What to expect:
Residual cardiovascular risk rising from obesity
Obesity is a chronic disease that causes pathologic changes associated with cardiovascular disease (CVD).1 Excess and dysfunctional adipose tissue is a driver of inflammation and other subclinical CVD markers;2,3 processes that are underway before the metabolic disorders become apparent, indicating that for many patients with overweight and obesity the development of metabolic abnormalities and CVD is just a matter of time.4,5
Obesity: a dual effect on CVD risk
Obesity has both direct and indirect effects on the development of cardiovascular disease (CVD): it contributes directly to the development of CVD risk factors including hypertension, dyslipidaemia, insulin resistance and diabetes.6,7 But as a chronic and progressive disease itself, obesity has now been shown to be a risk factor for CVD independently of other metabolic abnormalities. 1,4,8,9
People with no metabolic risk factors such as hypertension, dyslipidaemia or diabetes, and who are otherwise healthy but who have overweight or obesity, are nonetheless at increased risk of CVD simply because of their excess weight.4,8
High body mass index (BMI) has now overtaken smoking in the rankings of modifiable risk factors for cardiovascular disease (CVD).6
Obesity is an important modifiable risk factor which can be addressed at the primary care level to help patients reduce their CVD risk, change the course of disease and also improve their outcomes in diabetes, hypertension and dyslipidaemia.10,11
To read more about the complications associated with obesity, click here.
Overweight and obesity increase CVD risk even without metabolic abnormalities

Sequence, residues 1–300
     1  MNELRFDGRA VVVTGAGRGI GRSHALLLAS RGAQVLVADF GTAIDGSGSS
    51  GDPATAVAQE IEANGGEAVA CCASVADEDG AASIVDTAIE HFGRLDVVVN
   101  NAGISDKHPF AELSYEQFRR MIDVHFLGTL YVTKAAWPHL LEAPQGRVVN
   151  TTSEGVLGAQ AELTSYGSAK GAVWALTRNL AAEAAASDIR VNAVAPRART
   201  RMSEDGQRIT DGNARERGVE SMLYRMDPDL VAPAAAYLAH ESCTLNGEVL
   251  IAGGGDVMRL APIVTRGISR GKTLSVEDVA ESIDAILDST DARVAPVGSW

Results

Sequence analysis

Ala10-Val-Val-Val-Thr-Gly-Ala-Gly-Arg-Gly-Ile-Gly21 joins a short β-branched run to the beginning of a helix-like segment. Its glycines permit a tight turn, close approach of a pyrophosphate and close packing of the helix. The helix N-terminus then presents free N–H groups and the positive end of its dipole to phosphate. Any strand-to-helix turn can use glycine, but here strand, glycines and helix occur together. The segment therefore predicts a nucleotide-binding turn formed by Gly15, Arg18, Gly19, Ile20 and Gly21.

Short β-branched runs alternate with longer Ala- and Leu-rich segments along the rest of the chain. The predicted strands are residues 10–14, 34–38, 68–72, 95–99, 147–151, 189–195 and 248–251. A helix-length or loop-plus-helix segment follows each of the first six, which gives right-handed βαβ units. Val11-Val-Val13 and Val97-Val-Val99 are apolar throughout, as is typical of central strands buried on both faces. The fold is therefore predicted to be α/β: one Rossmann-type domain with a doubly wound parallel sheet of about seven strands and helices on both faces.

A recent large population study has shown that any level of excess weight is associated with a steep increase in the risk of heart attack, stroke and heart failure as rising BMI compounds the overall CVD risk.8
The study, of approximately 3.5 million individuals who accrued 165,302 CVD events during a 5.4-year average follow-up, showed that individuals who have obesity and are classified as metabolically healthy are still at an increased risk for coronary heart disease, cerebrovascular disease, and heart failure compared with individuals who are normal weight with no metabolic risk factors, underscoring the need for physicians to intervene early and appropriately on obesity.8
This research has challenged the concept of metabolically healthy obesity, where an individual can have a high BMI that is not associated with any metabolic disorder by demonstrating that people with obesity remain at increased risk of cardiovascular disease even without metabolic abnormalities5,8
Obesity characterized by dysfunctional adipose tissue
Obesity alters the functioning of adipose tissue so that patients with obesity experience degeneration of their inflammatory markers resulting in systemic inflammation.2,3 Excess weight in the form of fat causes systemic inflammation through the release of proinflammatory cytokines and chemokines produced by the dysfunctional adipose tissue.2 Systemic inflammation reduces insulin secretion and glucose uptake resulting in insulin resistance. It also interferes with cholesterol metabolism and leads to plaque developing in the arteries, resulting in atherosclerosis and increased risk of CVD.2
Additionally, not all excess weight is equal. It has been shown that a relatively larger waist circumference, denoting greater abdominal adipose tissue, or visceral adiposity, is itself a further independent risk factor for CVD.4,12 Indeed, the prospective study, of more than 7,000 people, found that a higher waist circumference was associated with a higher risk of CVD at all levels of BMI, including for people in the normal weight category.4
Residual cardiovascular risk
How dysfunctional adipose tissue causes systemic inflammation2
Additionally, not all excess weight is equal. It has been shown that
a relatively larger waist circumference, denoting greater abdominal
adipose tissue, or visceral adiposity, is itself a further independent